Tuesday, August 18, 2009

May God Bless Bishop Vincent S. Waters
Bishop of the Diocese of Raleigh, 1945-1974

So this is how the Bishop of Raleigh dealt with a mob back in the old days, 'eh?

In it's entirety, the article from Time Magazine, June 8, 1953; (Emphasis mine) Light in Newton Grove

In the little North Carolina town of Newton Grove (pop. 450), two frame churches stand 200 yds. apart. Both are Roman Catholic. Until this week the Church of the Holy Redeemer had some 350 members, all white; the Church of St. Benedict had about 90 members, all Negro.

Last Sunday, they became officially one mixed congregation of 440. But for all three Masses only 58 people came.

The merger was anything but Newton Grove's idea. Bishop Vincent S. Waters of Raleigh, a Virginian by birth, ordered it in a letter read from the pulpits of both churches on April 19. The tiny farming community has been in an uproar ever since. "Why did the bishop do it?" asked 74-year-old John Monk, nephew and namesake of the founder of Newton Grove's first Catholic church, and plenty of his neighbors agreed with him. They petitioned Bishop Waters, and many of them said they would take their worship elsewhere.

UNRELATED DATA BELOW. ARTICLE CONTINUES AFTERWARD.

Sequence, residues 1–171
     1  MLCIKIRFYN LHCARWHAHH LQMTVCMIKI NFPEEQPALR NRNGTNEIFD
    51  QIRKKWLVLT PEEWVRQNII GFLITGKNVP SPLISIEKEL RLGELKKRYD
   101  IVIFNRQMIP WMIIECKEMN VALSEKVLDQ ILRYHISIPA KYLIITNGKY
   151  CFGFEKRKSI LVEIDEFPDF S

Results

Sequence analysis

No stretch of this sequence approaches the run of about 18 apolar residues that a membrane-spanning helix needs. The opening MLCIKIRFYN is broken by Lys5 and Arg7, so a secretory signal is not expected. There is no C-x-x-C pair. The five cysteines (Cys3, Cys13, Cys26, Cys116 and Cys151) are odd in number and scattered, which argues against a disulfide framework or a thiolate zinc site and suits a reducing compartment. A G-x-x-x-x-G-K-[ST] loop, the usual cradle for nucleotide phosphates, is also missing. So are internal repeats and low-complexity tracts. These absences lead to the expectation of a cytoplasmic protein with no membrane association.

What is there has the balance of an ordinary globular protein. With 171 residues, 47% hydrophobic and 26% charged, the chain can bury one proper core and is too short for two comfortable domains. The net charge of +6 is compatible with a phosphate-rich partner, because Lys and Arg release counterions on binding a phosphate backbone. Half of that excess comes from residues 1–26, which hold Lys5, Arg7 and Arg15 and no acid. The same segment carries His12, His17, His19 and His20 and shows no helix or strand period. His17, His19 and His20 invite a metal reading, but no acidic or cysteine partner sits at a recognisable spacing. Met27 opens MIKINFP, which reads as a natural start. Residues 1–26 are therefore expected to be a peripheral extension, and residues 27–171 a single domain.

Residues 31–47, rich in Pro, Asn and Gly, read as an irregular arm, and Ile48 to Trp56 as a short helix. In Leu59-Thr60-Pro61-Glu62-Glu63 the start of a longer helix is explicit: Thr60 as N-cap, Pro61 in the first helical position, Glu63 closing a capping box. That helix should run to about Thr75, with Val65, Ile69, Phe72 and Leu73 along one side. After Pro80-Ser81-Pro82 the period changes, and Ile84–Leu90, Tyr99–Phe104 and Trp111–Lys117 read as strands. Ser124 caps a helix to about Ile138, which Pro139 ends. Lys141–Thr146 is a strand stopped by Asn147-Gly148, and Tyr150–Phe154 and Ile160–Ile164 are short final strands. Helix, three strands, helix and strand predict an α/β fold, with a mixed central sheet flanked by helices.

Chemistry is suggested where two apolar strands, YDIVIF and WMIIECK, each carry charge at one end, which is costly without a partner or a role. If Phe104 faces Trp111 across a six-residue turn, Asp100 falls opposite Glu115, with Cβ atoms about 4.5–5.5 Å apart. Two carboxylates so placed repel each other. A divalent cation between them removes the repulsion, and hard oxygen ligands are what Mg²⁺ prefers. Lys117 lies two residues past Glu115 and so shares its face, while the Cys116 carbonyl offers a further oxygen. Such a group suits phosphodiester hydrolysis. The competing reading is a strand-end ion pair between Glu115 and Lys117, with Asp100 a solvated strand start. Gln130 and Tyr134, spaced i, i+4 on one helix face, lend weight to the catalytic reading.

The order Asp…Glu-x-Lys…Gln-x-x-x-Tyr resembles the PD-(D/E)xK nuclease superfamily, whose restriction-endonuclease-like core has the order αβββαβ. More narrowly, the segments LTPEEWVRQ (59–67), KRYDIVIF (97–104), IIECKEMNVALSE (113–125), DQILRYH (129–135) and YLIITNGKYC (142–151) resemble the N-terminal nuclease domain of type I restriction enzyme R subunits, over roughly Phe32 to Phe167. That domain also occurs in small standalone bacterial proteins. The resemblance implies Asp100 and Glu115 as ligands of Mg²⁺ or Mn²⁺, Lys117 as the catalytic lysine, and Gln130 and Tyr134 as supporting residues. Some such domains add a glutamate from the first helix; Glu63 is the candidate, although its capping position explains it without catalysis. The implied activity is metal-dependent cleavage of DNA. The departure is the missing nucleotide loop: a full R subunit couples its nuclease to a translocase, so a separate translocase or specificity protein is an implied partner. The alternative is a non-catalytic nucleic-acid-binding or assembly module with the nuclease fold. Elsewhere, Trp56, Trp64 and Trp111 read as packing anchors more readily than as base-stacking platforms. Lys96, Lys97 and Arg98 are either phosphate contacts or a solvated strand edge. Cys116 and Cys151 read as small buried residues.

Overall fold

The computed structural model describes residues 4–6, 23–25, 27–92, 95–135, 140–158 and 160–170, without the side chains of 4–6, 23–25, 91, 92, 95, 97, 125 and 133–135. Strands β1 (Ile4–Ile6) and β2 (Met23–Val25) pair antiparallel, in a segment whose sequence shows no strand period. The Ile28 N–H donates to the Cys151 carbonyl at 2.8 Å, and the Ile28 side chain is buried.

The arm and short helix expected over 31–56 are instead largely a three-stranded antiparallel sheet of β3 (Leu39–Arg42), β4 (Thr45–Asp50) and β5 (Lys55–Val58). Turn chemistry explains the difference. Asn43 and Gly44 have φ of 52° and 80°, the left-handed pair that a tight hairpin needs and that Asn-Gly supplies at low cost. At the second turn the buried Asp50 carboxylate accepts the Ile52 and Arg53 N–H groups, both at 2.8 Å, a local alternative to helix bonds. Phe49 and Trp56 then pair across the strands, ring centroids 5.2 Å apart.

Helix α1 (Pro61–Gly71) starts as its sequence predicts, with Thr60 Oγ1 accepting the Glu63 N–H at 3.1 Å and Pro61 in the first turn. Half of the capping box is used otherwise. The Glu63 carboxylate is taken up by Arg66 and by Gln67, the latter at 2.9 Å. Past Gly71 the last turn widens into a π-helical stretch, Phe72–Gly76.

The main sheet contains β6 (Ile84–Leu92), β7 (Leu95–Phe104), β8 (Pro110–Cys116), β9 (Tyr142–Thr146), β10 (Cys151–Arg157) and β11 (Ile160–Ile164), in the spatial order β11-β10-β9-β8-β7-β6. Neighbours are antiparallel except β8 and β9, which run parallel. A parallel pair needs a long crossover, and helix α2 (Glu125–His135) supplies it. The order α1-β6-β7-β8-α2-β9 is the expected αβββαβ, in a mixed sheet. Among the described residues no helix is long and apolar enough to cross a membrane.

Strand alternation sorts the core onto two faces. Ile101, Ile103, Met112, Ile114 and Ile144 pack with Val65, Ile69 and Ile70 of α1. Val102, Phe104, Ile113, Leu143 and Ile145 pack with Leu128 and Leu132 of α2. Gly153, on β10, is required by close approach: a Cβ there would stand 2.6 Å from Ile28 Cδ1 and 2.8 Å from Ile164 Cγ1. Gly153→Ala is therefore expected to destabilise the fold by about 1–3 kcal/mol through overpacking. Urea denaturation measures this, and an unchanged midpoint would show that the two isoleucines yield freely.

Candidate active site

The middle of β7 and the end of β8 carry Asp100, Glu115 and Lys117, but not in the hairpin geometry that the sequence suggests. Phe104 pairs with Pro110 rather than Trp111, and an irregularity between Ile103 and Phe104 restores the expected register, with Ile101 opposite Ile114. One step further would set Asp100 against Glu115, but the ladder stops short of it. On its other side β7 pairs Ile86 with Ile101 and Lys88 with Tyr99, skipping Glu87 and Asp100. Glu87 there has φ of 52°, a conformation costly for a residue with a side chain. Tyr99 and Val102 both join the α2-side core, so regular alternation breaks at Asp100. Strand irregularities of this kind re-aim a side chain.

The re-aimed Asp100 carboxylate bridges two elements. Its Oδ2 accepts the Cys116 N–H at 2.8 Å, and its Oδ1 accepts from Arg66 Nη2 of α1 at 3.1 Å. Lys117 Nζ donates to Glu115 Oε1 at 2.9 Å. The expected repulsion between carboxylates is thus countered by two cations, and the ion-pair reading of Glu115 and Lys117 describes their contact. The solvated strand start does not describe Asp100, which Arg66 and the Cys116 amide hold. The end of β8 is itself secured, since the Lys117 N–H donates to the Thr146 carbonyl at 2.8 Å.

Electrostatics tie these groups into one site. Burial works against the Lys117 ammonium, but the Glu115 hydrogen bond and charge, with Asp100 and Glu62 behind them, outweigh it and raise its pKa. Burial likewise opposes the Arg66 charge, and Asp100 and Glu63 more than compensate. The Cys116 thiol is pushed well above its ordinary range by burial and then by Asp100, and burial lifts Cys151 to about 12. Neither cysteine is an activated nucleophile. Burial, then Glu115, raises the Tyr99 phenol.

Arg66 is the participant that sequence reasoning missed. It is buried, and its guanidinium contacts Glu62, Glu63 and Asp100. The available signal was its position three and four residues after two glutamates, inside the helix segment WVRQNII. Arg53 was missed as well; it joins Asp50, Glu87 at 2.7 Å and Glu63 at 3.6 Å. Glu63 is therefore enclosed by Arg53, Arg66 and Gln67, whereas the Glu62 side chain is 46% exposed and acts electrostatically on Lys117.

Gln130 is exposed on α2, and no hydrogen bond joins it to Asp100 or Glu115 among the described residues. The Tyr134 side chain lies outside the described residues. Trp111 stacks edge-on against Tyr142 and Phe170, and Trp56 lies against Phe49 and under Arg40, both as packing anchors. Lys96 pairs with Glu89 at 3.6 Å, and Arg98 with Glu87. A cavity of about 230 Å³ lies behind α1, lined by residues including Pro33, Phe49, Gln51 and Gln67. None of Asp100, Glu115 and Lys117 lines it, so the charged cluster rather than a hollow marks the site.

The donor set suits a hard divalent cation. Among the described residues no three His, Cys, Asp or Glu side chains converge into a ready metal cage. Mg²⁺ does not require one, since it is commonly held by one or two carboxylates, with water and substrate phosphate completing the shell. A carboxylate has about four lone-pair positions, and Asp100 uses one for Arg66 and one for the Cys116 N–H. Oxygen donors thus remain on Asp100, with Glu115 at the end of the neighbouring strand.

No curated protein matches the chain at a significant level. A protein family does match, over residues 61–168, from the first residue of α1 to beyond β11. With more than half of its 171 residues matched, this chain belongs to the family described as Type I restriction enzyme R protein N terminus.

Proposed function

To the first united service came the bishop himself, unannounced, and there were some pushing and hauling as about 40 white men tried to storm past a young assistant to see him in the rectory. He interviewed them two by two. Segregation, he told them, was a product of "darkness, and the time has come for it to end." Then Bishop Waters left Newton Grove still blinking angrily in the sudden light.
"Pray for me, that I may not flee for fear of the wolves." ~
His Holiness Pope Benedict XVI

2 Comments:

Blogger THE HERESY HUNTER said...

Bishop Waters - a true son and servant of the Holy Church.

8:37 PM  
Blogger Lola said...

We have heros everywhere in our history.

He stood for what was right and didn't kowtow to the mob.

That was a great man. A true Father.

3:01 PM  

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